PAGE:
The moment the Central Banks got into the game of rigging the market the transition to Socialism Globally was complete- the only issue now is who benefits from this victory of Socialism worldwide- is it to be the 1% or so of those who own most of the worlds assets or is it to be the 99% who don't own such assets but just work for a living?

I'm not convinced that there ever was a true free market society- but even if there was all that ended in 2008 when the Central Banks took the decision to take over the game and rig it to preserve the wealth and power of the very people who had brought that system to it's knees.

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When did you last get a pay rise?

People who take on debts should pay them back in full. They had the advantage of the full loan amount at the current level of inflation and should honour their commitment to pay the same amount back. Or they should go bankrupt and let someone else have a go.

I'd argue that the banking system's money creation powers are also dangerous and should be regulated and scaled back.

Not so long ago the banks 'lost' more money than ever made in the history of banking, and we know what's happened since. Until people begin appreciating that alternatives not giving more money to rich people do not necessarily equal disaster/zimbabwe/socialism nobody needs to feel particularly honourable about it.

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I agree that the banking system is an immoral mess. But no-one has been proposing to strip the banks of their money-creation powers, or even to limit them. Instead what I heard proposed amounted to more bailouts for the same broken system, despite the failures of the previous intervention - only the mechanism of delivery was different.

Banks can do what the Hell tey like. But WHEN it all hits the fan they MUST never again be bailed out or in.

Unfortunately they will be

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I'm not convinced that there ever was a true free market society- but even if there was all that ended in 2008 when the Central Banks took the decision to take over the game and rig it to preserve the wealth and power of the very people who had brought that system to it's knees.

1920-21 USA check it out

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I think you have overlooked the reality that you already live in a Socialist system- the only difference being that it is a system that only works to the benefit of a small number of people at the top rather than the majority.

Back in 2008 when a lot of very wealthy people were about to lose a lot of money the system bailed them out using taxpayers money- this is Socialism- and to this day the wealthy are still the primary beneficiaries of policies like QE and ZIRP because both preserve the value of financial and other assets that might otherwise return to the low values an unrigged market would ascribe to them.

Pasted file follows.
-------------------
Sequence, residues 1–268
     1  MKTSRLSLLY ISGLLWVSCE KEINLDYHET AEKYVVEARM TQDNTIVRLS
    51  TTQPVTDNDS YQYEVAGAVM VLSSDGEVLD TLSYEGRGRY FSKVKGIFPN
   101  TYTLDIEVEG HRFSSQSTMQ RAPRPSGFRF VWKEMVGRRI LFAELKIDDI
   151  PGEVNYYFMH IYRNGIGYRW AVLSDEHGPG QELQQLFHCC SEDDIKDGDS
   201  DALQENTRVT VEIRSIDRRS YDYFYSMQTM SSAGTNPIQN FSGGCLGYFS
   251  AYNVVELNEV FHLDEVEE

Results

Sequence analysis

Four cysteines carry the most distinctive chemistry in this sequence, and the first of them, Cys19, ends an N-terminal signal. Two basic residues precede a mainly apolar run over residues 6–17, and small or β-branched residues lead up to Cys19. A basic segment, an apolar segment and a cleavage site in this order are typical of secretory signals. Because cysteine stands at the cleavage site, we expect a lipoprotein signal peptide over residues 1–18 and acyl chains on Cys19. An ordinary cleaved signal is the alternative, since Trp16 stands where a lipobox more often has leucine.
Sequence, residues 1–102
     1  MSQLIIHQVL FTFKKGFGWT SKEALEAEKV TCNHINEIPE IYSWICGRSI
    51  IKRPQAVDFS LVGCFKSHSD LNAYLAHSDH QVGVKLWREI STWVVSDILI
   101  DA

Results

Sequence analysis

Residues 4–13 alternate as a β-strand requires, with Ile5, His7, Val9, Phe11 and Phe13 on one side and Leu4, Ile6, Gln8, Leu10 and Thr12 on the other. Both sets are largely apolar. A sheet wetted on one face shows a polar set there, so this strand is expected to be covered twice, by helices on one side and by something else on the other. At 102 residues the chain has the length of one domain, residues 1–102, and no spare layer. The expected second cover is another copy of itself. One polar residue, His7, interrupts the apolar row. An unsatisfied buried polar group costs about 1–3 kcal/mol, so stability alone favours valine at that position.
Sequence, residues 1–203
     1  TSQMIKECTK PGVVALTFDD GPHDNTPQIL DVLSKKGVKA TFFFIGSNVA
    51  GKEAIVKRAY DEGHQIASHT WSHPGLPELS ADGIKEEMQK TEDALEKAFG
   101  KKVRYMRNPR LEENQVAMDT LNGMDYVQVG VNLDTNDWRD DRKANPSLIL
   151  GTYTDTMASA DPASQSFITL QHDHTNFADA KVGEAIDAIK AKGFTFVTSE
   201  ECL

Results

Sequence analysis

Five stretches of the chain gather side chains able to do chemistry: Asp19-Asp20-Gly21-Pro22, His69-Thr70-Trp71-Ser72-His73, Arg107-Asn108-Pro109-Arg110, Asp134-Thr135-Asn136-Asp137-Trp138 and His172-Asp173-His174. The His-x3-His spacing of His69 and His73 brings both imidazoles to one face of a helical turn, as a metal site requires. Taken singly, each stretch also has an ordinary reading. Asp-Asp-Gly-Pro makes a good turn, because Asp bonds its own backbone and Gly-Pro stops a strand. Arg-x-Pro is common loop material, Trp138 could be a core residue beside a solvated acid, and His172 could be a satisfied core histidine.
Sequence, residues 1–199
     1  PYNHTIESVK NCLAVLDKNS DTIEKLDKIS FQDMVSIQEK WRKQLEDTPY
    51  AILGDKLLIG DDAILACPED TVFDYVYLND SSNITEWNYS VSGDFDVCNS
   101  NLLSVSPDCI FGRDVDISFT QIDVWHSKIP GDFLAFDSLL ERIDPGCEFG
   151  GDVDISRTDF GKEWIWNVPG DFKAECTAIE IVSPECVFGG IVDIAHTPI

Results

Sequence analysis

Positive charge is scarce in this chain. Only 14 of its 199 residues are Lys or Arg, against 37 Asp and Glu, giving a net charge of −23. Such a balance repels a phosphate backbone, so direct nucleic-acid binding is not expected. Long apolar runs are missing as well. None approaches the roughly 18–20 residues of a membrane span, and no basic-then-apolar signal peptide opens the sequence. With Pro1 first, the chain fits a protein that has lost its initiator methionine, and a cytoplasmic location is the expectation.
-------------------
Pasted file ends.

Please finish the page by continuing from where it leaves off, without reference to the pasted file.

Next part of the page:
So your choice is not between Socialism or some kind of free market- it is a choice between a form of socialism that works on behalf of the 1% or a form that takes into account the needs of the remaining 99%

The moment the Central Banks got into the game of rigging the market the transition to Socialism Globally was complete- the only issue now is who benefits from this victory of Socialism worldwide- is it to be the 1% or so of those who own most of the worlds assets or is it to be the 99% who don't own such assets but just work for a living?

I'm not convinced that there ever was a true free market society- but even if there was all that ended in 2008 when the Central Banks took the decision to take over the game and rig it to preserve the wealth and power of the very people who had brought that system to it's knees.

Don't get me wrong - I understand and even enjoy the well rehearsed logic, but I just can't go along with the 'Socialism'meme (is it just hpc thing ?).

I mean if you take it literally its all a bit of ridiculous cognitive dissonance at best. "The problem is with... Socialism, don't you worry your pretty little head about Capitalism, just feck off and whip yourself into a frenzy about immigration instead".

Not simply to do with greed ? No. Not simply to do with self-preservation ? No. Not simply to do with gullibility about 'free' markets ? No. Not simply to do with how we 'regulate' the system ? No. No. especially NO ! Thats socialism ! Thats the problem !!

A democratic capitalist state is meant to have the inbuilt ingenuity to interrogate, debate, come up with ingenious solutions to make things better. And better again. What the hell has happened since 2008 ?

Instead, at least on here and out of fear, the (mental) Capitalista State steps in, and in its command economy, assigns blame resources onto 'socialism' and 'immigrants'. I mean on one level its genius, on another its just helps corrode capitalism/demcocracy's peerless ability to renew itself resulting in a doomed prolonging of criminal incompetence.